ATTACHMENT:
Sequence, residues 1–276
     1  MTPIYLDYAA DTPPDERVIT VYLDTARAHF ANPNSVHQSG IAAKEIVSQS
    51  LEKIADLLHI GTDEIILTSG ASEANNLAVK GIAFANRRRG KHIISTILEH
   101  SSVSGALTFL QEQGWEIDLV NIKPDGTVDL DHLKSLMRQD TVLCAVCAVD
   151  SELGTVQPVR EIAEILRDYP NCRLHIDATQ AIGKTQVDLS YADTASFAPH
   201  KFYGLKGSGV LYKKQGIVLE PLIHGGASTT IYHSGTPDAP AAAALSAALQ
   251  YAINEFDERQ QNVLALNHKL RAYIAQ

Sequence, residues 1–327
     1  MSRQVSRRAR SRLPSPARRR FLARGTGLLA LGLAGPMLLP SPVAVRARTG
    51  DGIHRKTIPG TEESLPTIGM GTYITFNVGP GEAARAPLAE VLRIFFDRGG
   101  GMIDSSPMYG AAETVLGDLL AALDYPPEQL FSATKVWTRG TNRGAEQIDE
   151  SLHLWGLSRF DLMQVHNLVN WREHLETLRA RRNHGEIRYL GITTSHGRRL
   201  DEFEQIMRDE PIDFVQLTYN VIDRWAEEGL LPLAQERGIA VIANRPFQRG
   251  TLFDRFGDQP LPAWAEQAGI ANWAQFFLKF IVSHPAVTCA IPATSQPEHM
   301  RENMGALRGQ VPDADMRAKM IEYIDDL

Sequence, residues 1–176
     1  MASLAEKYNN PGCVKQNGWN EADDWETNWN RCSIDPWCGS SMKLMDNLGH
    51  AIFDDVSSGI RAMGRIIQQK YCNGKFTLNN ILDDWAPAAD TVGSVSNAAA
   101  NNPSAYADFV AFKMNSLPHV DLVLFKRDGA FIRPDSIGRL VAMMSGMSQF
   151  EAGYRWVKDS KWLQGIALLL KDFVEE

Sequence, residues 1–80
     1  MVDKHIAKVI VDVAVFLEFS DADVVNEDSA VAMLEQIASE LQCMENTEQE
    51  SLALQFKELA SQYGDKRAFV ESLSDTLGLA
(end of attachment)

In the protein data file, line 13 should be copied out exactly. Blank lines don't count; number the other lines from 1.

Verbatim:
   201  DEFEQIMRDE PIDFVQLTYN VIDRWAEEGL LPLAQERGIA VIANRPFQRG